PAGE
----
the issue of environment value $PS1 set under Ubuntu 10.04

littlebat dashing.meng at gmail.com
Fri Jun 4 01:40:51 PDT 2010


This issue was posted onto lfs-support mailing list yesterday (see: http://linuxfromscratch.org/pipermail/lfs-support/2010-June/038814.html ), unluckly I disabled the mail delivery of LFS mailing list some days ago, so I can't continue discuss it on the lfs-support mailing list. And, I consider it is a bug of LFS6.6 book, so I start a new thread on the lfs-dev list to discuss it.

I am using Ubuntu 10.04 as the LFS building host. When I set environment with the instructions at: 4.4. Setting Up the Environment: http://www.linuxfromscratch.org/lfs/view/6.6/chapter04/settingenvironment.html , I found the commands provided by LFS book can't set $PS1 value under Ubuntu 10.04 host properly. The commands is below:

<code>
cat > ~/.bash_profile << "EOF"
exec env -i HOME=$HOME TERM=$TERM PS1='\u:\w\$ ' /bin/bash
EOF
</code>

The issue is Ubuntu has a system-wide .bashrc file for interactive bash(1) shells, it is /etc/bash.bashrc. $PS1 has been set to PS1='${debian_chroot:+($debian_chroot)}\u@\h:\w\$ ' in this file. When the command above invoke "/bin/bash" to start a new interactive bash shells, /etc/bash.bashrc will invoked first, this $PS1 value will be seted. So, $PS1 keep as the format like "lfs at u1004b2-desktop:~$ ", not the format excepted by LFS6.6 book like "lfs:~$ ".

And, /etc/bash.bashrc in Ubuntu 10.04 also sets some other bash behavior, such as: update value of $LINES and $COLUMNS, give sudo hint, give the hint when can't find a command, etc... I hope these will not affect a clear LFS building environment :-(

And, /etc/profile will invoke /etc/bash.bashrc in Ubuntu 10.04.

I think, $PS1 is a display style for the user interact with bash, set it in the ~/.bashrc maybe a good idea? Under Ubuntu 10.04, I found the ~/.bashrc also overwrite the $PS1 value in its /etc/bash.bashrc.

Below is the content of /etc/bash.bashrc in Ubuntu 10.04:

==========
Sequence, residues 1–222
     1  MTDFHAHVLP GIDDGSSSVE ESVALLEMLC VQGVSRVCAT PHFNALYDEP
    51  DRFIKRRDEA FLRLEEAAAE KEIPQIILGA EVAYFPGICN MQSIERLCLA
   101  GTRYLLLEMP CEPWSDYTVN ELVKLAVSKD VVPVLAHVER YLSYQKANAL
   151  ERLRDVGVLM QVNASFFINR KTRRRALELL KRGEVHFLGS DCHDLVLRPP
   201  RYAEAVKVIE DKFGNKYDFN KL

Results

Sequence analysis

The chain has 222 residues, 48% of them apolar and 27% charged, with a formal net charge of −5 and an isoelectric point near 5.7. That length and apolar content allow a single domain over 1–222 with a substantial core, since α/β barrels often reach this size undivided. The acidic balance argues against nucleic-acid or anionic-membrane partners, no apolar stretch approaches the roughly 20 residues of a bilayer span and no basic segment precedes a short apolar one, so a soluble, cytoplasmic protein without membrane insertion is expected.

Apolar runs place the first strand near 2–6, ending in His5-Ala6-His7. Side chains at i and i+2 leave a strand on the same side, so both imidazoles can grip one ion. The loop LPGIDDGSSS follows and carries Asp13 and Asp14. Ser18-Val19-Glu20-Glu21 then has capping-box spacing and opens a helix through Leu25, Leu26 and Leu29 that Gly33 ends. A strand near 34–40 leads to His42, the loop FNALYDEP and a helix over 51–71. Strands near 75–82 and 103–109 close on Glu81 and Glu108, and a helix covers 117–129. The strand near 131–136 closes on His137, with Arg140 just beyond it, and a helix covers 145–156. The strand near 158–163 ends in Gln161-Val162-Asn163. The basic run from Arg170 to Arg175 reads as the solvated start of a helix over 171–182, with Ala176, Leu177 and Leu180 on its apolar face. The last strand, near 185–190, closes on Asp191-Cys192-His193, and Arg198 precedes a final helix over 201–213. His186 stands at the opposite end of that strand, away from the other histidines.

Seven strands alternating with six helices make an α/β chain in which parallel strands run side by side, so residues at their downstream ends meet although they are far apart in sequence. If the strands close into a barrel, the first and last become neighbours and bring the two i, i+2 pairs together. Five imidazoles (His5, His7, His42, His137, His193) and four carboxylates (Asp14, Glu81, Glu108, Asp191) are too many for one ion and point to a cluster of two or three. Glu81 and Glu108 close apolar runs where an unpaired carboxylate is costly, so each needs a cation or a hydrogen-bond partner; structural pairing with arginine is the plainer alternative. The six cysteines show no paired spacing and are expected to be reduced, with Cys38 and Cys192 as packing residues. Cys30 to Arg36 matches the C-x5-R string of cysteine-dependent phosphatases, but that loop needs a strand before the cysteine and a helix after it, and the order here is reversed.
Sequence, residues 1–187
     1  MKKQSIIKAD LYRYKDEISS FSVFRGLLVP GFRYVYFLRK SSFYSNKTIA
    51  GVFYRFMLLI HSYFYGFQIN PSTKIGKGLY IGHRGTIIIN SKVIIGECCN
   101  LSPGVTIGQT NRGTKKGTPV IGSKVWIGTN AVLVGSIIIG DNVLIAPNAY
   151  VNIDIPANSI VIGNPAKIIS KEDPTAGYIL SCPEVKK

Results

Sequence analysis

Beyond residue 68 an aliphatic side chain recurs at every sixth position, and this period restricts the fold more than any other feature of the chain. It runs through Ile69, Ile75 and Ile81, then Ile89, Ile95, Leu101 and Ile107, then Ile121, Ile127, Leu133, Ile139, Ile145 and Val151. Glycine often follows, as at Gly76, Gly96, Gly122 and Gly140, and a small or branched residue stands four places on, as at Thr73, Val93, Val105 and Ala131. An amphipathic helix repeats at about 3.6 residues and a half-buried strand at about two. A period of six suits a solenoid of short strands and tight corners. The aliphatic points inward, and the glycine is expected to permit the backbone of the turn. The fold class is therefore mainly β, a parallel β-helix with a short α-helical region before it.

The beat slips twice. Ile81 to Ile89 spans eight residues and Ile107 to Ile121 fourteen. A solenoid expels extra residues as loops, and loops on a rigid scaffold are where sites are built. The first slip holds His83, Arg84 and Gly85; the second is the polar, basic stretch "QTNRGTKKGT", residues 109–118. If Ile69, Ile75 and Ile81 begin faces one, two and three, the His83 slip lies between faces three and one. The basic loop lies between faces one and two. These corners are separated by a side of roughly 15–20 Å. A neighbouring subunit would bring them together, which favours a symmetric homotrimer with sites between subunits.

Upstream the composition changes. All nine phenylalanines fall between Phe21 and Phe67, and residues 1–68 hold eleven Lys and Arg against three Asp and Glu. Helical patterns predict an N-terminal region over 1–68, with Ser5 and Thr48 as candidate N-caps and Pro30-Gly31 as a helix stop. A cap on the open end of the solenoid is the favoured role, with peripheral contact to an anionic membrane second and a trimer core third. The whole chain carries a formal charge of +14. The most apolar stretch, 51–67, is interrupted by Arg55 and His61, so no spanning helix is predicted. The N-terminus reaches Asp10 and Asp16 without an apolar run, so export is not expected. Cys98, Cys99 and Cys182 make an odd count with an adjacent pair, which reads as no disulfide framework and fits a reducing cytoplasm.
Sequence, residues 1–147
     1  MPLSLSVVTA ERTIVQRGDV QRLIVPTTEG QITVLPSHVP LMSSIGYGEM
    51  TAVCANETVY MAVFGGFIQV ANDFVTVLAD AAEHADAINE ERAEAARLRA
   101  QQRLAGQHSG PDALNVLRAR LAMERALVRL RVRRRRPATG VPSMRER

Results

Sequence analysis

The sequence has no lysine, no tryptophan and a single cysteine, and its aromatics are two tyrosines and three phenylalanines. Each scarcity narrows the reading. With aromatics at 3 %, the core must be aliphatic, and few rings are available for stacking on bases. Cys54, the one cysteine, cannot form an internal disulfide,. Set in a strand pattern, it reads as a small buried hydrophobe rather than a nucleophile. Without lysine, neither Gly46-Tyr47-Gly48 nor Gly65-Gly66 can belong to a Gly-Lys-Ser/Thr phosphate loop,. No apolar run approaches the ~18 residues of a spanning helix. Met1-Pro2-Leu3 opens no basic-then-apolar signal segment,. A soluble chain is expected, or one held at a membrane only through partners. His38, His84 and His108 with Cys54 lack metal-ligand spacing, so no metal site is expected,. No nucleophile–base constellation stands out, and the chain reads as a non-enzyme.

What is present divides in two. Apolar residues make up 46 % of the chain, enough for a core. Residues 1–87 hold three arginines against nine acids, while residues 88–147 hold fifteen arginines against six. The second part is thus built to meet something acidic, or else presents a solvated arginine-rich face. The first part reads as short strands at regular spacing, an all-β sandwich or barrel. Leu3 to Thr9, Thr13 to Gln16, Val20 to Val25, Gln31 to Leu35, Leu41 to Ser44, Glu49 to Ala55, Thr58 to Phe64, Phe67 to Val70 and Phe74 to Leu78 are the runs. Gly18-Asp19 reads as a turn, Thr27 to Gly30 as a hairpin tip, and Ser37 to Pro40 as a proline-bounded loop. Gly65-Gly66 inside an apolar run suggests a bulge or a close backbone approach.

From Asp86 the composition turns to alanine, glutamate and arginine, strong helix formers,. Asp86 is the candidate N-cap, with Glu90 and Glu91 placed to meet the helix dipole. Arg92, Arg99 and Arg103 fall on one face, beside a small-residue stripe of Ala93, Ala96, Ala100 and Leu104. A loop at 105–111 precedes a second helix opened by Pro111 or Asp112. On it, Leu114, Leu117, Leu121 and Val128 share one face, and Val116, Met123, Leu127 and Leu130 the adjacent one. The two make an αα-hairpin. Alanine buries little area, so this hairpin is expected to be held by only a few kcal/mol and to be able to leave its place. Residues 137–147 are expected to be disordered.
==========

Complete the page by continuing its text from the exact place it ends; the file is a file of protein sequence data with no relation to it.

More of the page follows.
<code>
# System-wide .bashrc file for interactive bash(1) shells.

# To enable the settings / commands in this file for login shells as well,
# this file has to be sourced in /etc/profile.

# If not running interactively, don't do anything
[ -z "$PS1" ] && return

# check the window size after each command and, if necessary,
# update the values of LINES and COLUMNS.
shopt -s checkwinsize

# set variable identifying the chroot you work in (used in the prompt below)
if [ -z "$debian_chroot" ] && [ -r /etc/debian_chroot ]; then
    debian_chroot=$(cat /etc/debian_chroot)
fi

# set a fancy prompt (non-color, overwrite the one in /etc/profile)
PS1='${debian_chroot:+($debian_chroot)}\u@\h:\w\$ '

# Commented out, don't overwrite xterm -T "title" -n "icontitle" by default.
# If this is an xterm set the title to user at host:dir
#case "$TERM" in
#xterm*|rxvt*)
#    PROMPT_COMMAND='echo -ne "\033]0;${USER}@${HOSTNAME}: ${PWD}\007"'
#    ;;
#*)
#    ;;
#esac

# enable bash completion in interactive shells
#if [ -f /etc/bash_completion ] && ! shopt -oq posix; then
#    . /etc/bash_completion
#fi

# sudo hint
if [ ! -e "$HOME/.sudo_as_admin_successful" ]; then
    case " $(groups) " in *\ admin\ *)
    if [ -x /usr/bin/sudo ]; then
	cat <<-EOF
	To run a command as administrator (user "root"), use "sudo <command>".
	See "man sudo_root" for details.
	
	EOF
    fi
    esac
fi

# if the command-not-found package is installed, use it
if [ -x /usr/lib/command-not-found -o -x /usr/share/command-not-found ]; then
	function command_not_found_handle {
	        # check because c-n-f could've been removed in the meantime
                if [ -x /usr/lib/command-not-found ]; then
		   /usr/bin/python /usr/lib/command-not-found -- $1
                   return $?
                elif [ -x /usr/share/command-not-found ]; then
		   /usr/bin/python /usr/share/command-not-found -- $1
                   return $?
		else
		   return 127
		fi
	}
fi
</code>

-- 
littlebat <dashing.meng at gmail.com>



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